EKSKLUSIV: Alexandra Hunt has had to put up with repeated references to her former profession as she stands for election in Pennsylvania. But she hopes her own experiences could make her a more effective lawmaker, she tells Audra Heinrichs
“The idea of running for office and being a politician kind of makes me throw up in my mouth a little,” admits Alexandra Hunt with a sheepish grin. It’s an unorthodox take from a woman currently running for kongress to represent Pennsylvania‘s 3rd district (PA-03). Så igjen, unorthodox is kind of her brand.
Since announcing her candidacy as the first known former sex worker to run for Congress last February, Hunt, 28, has become recognised by the public as a “former stripper” and “trauma survivor”, identifiers that harken back to Hunt’s decade-old stint as a dancer to help put herself through college at the University of Richmond. Suffice it to say however, she’s made relative peace with being regarded as such – even poking fun at the often puritanical sensationalism of it all via “Elect Hoes” merchandise and a series of expository TikToks. For Hunt, it’s not so much a scarlet letter as it is a way to connect with people who keenly understand that existing in the current US landscape is more expensive than ever – from skyrocketing costs in education to healthcare to housing – and quite simply, sex work in all of its varying forms has become more common as a result.
“Political consultants and advisers are worried how my past could be used against me and I understand that,” says Hunt. “There have been so many insults and assumptions about my character because of it, but at the end of the day, that just means I know what it means to struggle to survive and be dehumanised by politicians and policy, so I can relate to folks through those means.”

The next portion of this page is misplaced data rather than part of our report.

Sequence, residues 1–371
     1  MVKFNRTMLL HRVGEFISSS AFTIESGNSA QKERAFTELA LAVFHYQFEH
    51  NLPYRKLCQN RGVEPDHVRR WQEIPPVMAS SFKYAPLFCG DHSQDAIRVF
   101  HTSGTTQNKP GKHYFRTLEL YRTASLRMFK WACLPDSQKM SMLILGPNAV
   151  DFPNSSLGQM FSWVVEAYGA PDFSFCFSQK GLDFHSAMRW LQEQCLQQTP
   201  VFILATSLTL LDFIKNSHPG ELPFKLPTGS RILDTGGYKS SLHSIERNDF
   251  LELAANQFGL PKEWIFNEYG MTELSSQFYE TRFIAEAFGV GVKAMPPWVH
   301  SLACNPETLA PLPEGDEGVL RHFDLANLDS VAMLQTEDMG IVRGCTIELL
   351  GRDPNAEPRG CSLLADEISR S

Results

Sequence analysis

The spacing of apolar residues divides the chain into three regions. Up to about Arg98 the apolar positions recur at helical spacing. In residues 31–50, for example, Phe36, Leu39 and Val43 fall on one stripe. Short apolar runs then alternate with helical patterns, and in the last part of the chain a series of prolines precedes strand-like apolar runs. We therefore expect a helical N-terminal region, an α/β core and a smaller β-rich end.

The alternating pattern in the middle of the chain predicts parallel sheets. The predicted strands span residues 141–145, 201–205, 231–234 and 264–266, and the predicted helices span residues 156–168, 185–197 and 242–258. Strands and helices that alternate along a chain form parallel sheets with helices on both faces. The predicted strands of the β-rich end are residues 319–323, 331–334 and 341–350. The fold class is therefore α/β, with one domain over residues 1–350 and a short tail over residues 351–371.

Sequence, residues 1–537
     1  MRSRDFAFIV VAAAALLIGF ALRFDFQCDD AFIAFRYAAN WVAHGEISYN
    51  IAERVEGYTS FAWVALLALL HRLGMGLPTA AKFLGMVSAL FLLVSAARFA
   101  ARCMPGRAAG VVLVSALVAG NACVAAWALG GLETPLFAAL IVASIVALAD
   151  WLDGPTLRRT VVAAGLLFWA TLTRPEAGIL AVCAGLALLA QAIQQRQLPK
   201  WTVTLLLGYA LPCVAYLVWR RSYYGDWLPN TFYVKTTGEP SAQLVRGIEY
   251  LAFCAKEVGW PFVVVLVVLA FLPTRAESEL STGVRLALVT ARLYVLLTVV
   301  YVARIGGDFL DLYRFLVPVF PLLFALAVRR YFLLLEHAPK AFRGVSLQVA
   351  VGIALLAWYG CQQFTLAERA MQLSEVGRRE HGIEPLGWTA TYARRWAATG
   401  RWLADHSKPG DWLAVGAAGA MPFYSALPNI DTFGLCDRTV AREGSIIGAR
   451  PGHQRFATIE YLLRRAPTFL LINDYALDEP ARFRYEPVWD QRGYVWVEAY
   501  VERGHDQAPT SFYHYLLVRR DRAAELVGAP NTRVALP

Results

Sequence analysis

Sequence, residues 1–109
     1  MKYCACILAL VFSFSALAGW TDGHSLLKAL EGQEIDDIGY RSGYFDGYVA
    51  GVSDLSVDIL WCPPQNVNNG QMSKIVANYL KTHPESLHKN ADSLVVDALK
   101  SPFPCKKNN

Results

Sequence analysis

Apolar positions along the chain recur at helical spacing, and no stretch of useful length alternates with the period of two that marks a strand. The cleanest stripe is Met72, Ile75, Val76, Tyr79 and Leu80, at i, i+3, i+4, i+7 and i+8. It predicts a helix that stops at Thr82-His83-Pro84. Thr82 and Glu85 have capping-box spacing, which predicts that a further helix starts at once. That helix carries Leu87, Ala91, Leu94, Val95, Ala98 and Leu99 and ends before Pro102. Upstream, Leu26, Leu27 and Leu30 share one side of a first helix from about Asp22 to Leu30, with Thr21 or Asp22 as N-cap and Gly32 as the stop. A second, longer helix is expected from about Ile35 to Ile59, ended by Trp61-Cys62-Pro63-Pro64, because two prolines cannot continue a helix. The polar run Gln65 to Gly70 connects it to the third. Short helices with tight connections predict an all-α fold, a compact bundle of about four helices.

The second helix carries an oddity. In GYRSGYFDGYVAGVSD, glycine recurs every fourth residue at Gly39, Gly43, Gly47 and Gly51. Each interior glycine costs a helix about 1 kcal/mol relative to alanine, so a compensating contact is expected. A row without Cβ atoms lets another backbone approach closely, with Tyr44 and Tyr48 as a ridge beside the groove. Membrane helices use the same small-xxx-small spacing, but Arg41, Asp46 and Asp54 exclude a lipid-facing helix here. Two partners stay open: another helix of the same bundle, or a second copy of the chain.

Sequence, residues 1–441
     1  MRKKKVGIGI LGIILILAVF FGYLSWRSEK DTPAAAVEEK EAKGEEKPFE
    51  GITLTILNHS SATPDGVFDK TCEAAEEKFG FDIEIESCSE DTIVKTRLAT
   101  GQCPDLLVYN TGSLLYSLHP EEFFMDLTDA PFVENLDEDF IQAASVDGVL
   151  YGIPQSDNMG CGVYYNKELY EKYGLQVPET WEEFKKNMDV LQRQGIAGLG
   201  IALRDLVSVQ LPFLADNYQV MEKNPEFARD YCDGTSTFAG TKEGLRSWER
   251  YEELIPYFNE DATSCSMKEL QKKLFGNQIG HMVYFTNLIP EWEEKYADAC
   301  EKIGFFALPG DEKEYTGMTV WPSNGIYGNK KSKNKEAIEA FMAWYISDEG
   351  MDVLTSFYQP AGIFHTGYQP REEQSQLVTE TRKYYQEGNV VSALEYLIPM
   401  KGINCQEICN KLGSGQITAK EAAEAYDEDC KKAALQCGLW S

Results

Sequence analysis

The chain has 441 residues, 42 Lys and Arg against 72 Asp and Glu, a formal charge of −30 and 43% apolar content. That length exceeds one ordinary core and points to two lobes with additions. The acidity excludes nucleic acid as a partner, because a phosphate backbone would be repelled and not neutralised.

Like many progressives currently making a play for elected office, the former public health researcher, community organiser and New York-native has long considered herself politically engaged despite a lack of political aspirations. Inspired by what she considers government inaction surrounding the coronavirus pandemic, Hunt, who was working as a data manager at a biopharmaceutical company at the time, decided no amount of organising within her community would match the reach nor resources an elected official would have.
“When the pandemic first struck, I would drive by the nearest food distribution site and see these enormous lines that would wrap for miles down the street. I realised then how food insecure the people of Philadelphia are and how many people did not have the means to combat this crisis. No one was coming to help us, and that’s when I kind of went, ‘what are you waiting for?'”
Så langt, Hunt has been critical of the Democratic establishment, and judging by the overall lack of support from anyone on that side of the aisle at the moment, one might assume they’ve taken notice. Make no mistake, her race hasn’t been an entirely lonely one. Running on a medicare for all, criminal justice reform, environmental justice platform, Hunt is quick to mention the support she’s received from fellow progressives like Senator Bernie Sanders’ staffers, sex-workers and constituents in her own backyard – though some of them, hun sier, have a bit of trouble looking her in the eye. But Hunt’s increasing interest and mounting encouragement haven’t come without sacrifice.